By definition, “authentic” means “of undisputed origin;genuine”.

Distilled down for a regular person like myself, I believe authenticity means existing as you are without regard for the molds others want you to fit in. For example: I’m a survivor. I’m a Black woman, a Kansan, a right-handed singer with allergies. These are all facts, but in between those societal molds are the details and experiences that make me LaKase. I might not be exactly like Brandy (one of my earliest heroes), nor do I have the power she wields, but my authentic self is important and good in its own right.

Nowadays, my admiration is rooted in more abstract concepts: kindness, bravery, and authenticity. There are many ways to define each, whether it be through a cultural lens, a personal preference, or how I might be feeling in the moment.  But what remains constant is the work we have to put in to live our lives well. I broadcast who I am to others in the way I dress, how I speak, and in what I value in this world.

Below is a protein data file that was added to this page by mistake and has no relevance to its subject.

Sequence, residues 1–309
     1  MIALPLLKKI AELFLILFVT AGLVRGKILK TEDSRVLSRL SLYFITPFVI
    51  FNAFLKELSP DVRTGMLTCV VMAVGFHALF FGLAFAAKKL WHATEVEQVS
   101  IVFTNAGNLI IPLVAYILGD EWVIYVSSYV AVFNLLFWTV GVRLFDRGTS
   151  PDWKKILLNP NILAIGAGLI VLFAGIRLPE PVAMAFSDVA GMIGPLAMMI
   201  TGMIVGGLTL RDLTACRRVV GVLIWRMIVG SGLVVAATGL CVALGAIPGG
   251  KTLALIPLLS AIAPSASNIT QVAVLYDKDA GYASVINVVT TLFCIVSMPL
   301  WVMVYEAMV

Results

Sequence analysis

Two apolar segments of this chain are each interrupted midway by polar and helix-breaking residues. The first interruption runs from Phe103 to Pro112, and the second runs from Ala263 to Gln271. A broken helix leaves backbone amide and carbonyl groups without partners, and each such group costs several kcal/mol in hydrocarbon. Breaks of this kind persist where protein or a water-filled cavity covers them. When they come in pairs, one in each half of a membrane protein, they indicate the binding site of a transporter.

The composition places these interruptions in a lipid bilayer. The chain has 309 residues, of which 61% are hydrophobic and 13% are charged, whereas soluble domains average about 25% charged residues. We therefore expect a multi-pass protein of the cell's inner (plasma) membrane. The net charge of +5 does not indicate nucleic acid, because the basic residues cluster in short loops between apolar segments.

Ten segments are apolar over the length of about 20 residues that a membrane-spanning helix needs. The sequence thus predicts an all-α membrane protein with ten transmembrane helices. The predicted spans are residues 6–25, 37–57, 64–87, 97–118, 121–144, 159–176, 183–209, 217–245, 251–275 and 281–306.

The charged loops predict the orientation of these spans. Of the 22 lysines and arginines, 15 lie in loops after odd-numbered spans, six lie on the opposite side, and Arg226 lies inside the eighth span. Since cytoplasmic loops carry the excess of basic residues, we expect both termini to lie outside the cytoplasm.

When I think about the people I admire now, it rarely has anything to do with the number of friends they have, how much money they make, or how beautiful they are but what they put into the world. The folks who continue to inspire me, and unwittingly push me to better myself, have been decidedly, radically themselves. Being yourself can be difficult, even dangerous depending on where you live or what you look like, but living your truth gives others permission to be who they are as well. That’s the magic of it all.

The videos below feature two women who make me so happy and encouraged about walking my path on my own terms. I hope you enjoy their words as much as I do.

 

“Be fearless in the pursuit of what sets your soul on fire.” – Unknown